I am using the OpenSSL API's, especially
libssl and I am really depressed, thinking about side channel attacks on my implementation. My target platform is Windows, and I am programming in C and C++ and I am linking the libraries dynamically.
I am doing symmetric encryption of some files and the key has to be stored in the executable. I know, this is extremely insecure, and many white-box cryptography techniques, have been broken. But unfortunately, in this experimental project I am working on, there is no scope for public key cryptography here. But, I have found some cool ways to obfuscate the key and I am trying to personally test how strong they are, for learning and research purposes.
My concern is can an attacker see the values, that I am passing to the OpenSSL API functions, assuming the attacker has access to the Windows system in which the executable is running and can do reverse engineering. I am reckoning that the attacker can find the OpenSSL API, symbol names and trace the key out.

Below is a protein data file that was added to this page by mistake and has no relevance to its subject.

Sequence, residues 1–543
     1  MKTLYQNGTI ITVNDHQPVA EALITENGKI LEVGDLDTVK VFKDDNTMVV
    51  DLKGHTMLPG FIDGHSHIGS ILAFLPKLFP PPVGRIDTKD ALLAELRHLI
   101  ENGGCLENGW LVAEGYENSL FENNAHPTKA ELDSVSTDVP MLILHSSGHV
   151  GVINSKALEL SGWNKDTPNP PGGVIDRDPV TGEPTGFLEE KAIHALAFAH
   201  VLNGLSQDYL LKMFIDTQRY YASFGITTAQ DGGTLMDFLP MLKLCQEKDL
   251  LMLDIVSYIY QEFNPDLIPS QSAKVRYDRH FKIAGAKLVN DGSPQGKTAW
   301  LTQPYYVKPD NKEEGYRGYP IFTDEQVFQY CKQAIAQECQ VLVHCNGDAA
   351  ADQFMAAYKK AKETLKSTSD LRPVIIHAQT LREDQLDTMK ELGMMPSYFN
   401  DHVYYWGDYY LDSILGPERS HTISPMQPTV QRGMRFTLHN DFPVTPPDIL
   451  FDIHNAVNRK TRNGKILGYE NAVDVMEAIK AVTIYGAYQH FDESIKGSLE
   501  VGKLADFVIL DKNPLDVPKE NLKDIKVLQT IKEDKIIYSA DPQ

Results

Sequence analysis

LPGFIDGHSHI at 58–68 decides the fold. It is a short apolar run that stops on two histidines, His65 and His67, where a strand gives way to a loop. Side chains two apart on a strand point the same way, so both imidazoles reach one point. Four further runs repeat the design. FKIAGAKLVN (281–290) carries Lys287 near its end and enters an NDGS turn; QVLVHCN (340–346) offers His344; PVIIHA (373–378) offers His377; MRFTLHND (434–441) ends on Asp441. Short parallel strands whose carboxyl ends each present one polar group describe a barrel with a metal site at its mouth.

Will it make any difficulty for the attacker if the OpenSSL libraries are linked statically and not dynamically?
Once the application is running, can the attacker do API hooking to read my values? Will the choice between static / dynamic linkage help here, in increasing effort for the attacker in this scenario?